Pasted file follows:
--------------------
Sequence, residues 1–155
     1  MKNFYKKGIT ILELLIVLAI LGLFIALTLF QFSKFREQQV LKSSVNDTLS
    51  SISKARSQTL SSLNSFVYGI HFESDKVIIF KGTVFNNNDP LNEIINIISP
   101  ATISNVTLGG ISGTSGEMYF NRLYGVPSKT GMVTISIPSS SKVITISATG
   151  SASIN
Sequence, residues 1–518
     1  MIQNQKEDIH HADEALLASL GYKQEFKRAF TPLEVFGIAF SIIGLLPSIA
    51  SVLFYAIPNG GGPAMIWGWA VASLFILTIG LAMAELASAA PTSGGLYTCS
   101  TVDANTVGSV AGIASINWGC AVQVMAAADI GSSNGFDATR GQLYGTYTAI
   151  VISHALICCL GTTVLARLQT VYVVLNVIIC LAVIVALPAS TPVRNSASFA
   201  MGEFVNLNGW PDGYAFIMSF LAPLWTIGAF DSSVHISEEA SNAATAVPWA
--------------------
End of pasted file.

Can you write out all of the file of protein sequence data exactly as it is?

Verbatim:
Sequence, residues 1–155
     1  MKNFYKKGIT ILELLIVLAI LGLFIALTLF QFSKFREQQV LKSSVNDTLS
    51  SISKARSQTL SSLNSFVYGI HFESDKVIIF KGTVFNNNDP LNEIINIISP
   101  ATISNVTLGG ISGTSGEMYF NRLYGVPSKT GMVTISIPSS SKVITISATG
   151  SASIN
Sequence, residues 1–518
     1  MIQNQKEDIH HADEALLASL GYKQEFKRAF TPLEVFGIAF SIIGLLPSIA
    51  SVLFYAIPNG GGPAMIWGWA VASLFILTIG LAMAELASAA PTSGGLYTCS
   101  TVDANTVGSV AGIASINWGC AVQVMAAADI GSSNGFDATR GQLYGTYTAI
   151  VISHALICCL GTTVLARLQT VYVVLNVIIC LAVIVALPAS TPVRNSASFA
   201  MGEFVNLNGW PDGYAFIMSF LAPLWTIGAF DSSVHISEEA SNAATAVPWA